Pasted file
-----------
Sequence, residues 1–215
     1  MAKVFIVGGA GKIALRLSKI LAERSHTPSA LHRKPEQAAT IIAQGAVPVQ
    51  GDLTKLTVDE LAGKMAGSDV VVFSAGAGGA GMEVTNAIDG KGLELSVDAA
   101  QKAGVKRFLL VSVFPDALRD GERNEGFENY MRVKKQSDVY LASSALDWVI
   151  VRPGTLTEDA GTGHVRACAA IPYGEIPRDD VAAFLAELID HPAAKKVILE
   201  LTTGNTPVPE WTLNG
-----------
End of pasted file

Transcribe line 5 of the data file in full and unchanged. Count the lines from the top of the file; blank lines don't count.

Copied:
   151  VRPGTLTEDA GTGHVRACAA IPYGEIPRDD VAAFLAELID HPAAKKVILE